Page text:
In 1905 while on his death bed, Charles D. Zirkle donated 45 acres of his property to the Virginia Conference to build a school. In 1907, construction began on the main building of what was known as New Market Academy. The first students enrolled in 1908. In January 1908 New Market Academy assumed its current name, Shenandoah Valley Academy. The name was changed because New Market Academy duplicated an old private school in New Market, ironically, the new name was shared with another, now defunct, military school in Winchester, Virginia. In 1911 SVA graduated its first four students. SVA attracts students primarily from Virginia and Maryland but students attend from across the United States to New York, Florida, or California and across national borders from places such as South Korea, Angola, the United Kingdom, and South America. By the time of its centennial in 2008 SVA had graduated over 6,000 students. During the 2009-2010 school year, SVA had an enrollment of two hundred and forty four students.
James Springer White, pioneer of the Seventh-day Adventist Church
James Springer White (August 4, 1821, Palmyra, Maine - August 6, 1881, Battle Creek, Michigan), also known as Elder White was a co-founder of the Seventh-day Adventist Church and husband of Ellen G. White. White's contributions to the denomination were rather notable, in 1849 he started the first Sabbatarian Adventist periodical entitled "The Present Truth" (now the Adventist Review) in 1855 he relocated the fledgling center of the movement to Battle Creek, Michigan, and in 1863 played a pivotal role in the formal organization of the denomination. He later played a pivotal role in the development of the Adventist educational structure beginning in 1874 with the formation of Battle Creek College (which is now Andrews University).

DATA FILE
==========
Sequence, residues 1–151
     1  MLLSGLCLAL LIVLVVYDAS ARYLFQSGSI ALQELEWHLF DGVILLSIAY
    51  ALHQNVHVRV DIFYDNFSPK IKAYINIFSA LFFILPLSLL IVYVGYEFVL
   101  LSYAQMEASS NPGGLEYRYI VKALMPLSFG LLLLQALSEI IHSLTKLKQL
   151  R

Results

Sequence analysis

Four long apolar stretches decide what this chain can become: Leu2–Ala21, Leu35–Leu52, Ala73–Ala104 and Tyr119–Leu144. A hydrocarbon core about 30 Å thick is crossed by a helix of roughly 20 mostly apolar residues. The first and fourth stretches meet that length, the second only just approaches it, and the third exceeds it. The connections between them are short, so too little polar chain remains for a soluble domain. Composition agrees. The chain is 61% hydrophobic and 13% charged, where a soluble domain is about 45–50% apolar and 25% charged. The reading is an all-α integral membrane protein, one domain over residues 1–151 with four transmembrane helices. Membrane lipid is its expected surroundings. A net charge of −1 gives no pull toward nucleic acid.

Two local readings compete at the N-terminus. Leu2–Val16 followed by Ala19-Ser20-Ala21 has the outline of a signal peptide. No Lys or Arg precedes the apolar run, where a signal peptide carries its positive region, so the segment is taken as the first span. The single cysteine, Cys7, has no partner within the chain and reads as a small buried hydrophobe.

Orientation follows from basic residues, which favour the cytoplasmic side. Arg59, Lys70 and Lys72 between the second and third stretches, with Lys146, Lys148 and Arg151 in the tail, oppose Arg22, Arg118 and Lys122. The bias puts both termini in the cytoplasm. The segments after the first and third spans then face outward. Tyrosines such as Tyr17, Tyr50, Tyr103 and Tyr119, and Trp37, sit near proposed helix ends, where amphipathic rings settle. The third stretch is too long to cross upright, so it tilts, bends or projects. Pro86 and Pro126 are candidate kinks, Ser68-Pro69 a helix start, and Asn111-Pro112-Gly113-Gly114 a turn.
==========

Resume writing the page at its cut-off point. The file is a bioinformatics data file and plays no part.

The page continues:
James White was born on August 4, 1821 in the township of Palmyra in Maine. The fifth of nine children, James was a sickly child who suffered fits or seizures. Poor eyesight prevented him from obtaining much of an education and he was required to work on the family farm. At age 19 his eyesight improved and he enrolled at a local academy. He earned a teaching certificate and briefly taught at an elementary school. He was baptized into the Christian Connexion at age 16. He learned of the Millerite message from his parents and after hearing powerful preaching at an advent camp meeting in Exeter, Maine, White decided to leave teaching and become a preacher. Consequently, he was ordained a minister of the Christian Connexion in 1843. White was a powerful preacher and it is recorded that during the winter of 1843, 1000 people were accepted the Millerite message owing to his preaching. At times however, White was met with angry mobs who hurled snowballs at him. During these early travels he met Ellen G. Harmon whom he married on August 30, 1846. James and Ellen had four boys, Henry Nichols (b. 26 Aug 1847, d. 8 Dec 1863), James Edson (b. 28 Jul 1849, d. 3 Jun 1928), William Clarence (b. 29 Aug 1854, d. 31 Aug 1937) and John Herbert (b. 20 Sep 1860, d. 14 Dec 1860).